Getting citizens and businesses involved in long-term climate plans can make a huge difference to their success. That was the resounding message to come out of the MaxiMiseR project’s second round-table, on stakeholder involvement, which took place on 26 September.
“Research from OECD countries shows that where there is good public participation in policy development, the outcomes are far improved and the cost of implementing those policies is reduced”, explained Dr. Gillian Nelson, Policy Coordinator at Climate Action Network International.
But to ensure this participation occurs, the process must be clearly outlined from the beginning and communicated throughout, said Imke Lübbeke, Head of Climate and Energy at WWF European Policy Office.
This was a lesson learned by the German government, according to Luisa Rölke, Head of Division at the German Permanent Representation to the EU. She explained that her government’s recent consultation on its 2050 climate plan revealed that citizens and local communities were not familiar with the consultation process. So, while some groups agreed on specific measures, they were unaware that the input from other stakeholder groups, and the transformation into a government strategy meant some of their ideas were not taken up.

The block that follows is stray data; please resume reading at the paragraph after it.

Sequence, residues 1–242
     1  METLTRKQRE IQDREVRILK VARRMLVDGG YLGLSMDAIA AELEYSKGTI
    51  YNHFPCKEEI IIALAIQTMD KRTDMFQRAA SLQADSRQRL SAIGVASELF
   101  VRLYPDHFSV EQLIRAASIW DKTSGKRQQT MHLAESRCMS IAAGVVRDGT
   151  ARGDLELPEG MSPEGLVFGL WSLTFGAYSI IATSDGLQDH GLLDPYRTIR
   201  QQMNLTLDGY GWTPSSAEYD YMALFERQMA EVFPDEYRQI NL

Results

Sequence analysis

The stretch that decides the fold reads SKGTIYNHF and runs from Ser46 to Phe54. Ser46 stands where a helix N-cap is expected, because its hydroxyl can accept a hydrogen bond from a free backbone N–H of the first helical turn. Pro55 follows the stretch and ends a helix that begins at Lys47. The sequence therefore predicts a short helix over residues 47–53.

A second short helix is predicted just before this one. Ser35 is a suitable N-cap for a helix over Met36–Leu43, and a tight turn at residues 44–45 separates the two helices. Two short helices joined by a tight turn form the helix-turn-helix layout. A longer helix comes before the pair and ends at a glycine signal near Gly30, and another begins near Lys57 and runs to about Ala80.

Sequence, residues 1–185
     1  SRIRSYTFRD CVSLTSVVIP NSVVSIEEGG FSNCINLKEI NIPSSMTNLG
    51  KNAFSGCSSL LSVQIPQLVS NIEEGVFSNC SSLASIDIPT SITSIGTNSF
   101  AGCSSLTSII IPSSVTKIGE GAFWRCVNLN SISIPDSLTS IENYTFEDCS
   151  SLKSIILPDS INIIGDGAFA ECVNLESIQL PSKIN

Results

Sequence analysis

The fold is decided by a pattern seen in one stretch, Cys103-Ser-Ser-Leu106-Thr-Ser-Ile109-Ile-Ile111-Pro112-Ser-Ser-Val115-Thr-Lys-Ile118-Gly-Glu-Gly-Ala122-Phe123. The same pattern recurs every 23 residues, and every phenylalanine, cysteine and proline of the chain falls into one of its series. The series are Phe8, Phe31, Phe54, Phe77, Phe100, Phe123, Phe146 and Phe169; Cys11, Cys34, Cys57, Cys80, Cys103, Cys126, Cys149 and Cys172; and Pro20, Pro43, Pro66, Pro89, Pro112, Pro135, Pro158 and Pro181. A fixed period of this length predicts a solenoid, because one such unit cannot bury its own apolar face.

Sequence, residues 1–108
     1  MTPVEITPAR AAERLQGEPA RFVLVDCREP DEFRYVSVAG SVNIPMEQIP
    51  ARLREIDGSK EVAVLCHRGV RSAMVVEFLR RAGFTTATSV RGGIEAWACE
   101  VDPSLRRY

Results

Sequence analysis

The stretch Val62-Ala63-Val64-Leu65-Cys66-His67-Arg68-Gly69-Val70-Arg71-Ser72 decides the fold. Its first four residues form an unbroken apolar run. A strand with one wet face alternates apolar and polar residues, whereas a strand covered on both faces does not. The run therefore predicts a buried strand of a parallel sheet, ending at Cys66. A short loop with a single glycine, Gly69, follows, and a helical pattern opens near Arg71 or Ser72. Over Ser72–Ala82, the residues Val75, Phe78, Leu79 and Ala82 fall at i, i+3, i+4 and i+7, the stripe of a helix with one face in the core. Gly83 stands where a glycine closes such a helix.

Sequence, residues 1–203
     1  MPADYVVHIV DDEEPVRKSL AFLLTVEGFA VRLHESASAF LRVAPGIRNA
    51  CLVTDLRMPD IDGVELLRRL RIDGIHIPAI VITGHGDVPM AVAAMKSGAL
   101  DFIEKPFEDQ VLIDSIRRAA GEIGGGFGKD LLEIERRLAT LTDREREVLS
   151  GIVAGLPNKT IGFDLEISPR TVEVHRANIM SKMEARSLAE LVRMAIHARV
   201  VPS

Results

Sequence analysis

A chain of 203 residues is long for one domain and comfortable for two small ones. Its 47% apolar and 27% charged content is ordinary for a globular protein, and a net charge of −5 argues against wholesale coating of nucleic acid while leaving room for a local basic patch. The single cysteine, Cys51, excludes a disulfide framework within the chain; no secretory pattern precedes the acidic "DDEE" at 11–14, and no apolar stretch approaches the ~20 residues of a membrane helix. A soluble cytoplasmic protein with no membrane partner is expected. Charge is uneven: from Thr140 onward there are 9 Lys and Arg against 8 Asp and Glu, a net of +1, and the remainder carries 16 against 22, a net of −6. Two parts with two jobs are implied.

But including the public in the development and implementation of these plans is not just a nice-to-have, it is part of citizens’ rights under the Aarhus Convention, explained Marta Toporek, Lawyer and project leader at ClientEarth.
“Under the Convention, the public should be consulted early in the process of developing plans, have reasonable time to participate, and due account must be taken of the outcome of the consultation”, she explained.
One way of reaching citizens is setting up actions closer to home, for example at local or city level. Cities around the world have become leading actors on climate change, with over 1,000 already having put forward 2030 climate & energy saving plans and set emissions reductions targets, pointed out Alix Bolle, EU Affairs Manager at Energy Cities.
Canddie Magdelenat , Sustainable Cities Officer at WWF France, agreed. She gave the example of Rouen in France, which set targets for emissions reduction in sectors, such as buildings and transport with the help of stakeholder groups WWF France set up.
At EU level, the Energy Union governance proposal is a key chance to strengthen national climate strategies for 2050, and push for guidance to be provided for Member States on what their strategies should contain, pointed out WWF’s Imke Lübbeke. The proposal will be put to a first Parliamentary vote on 28 November.
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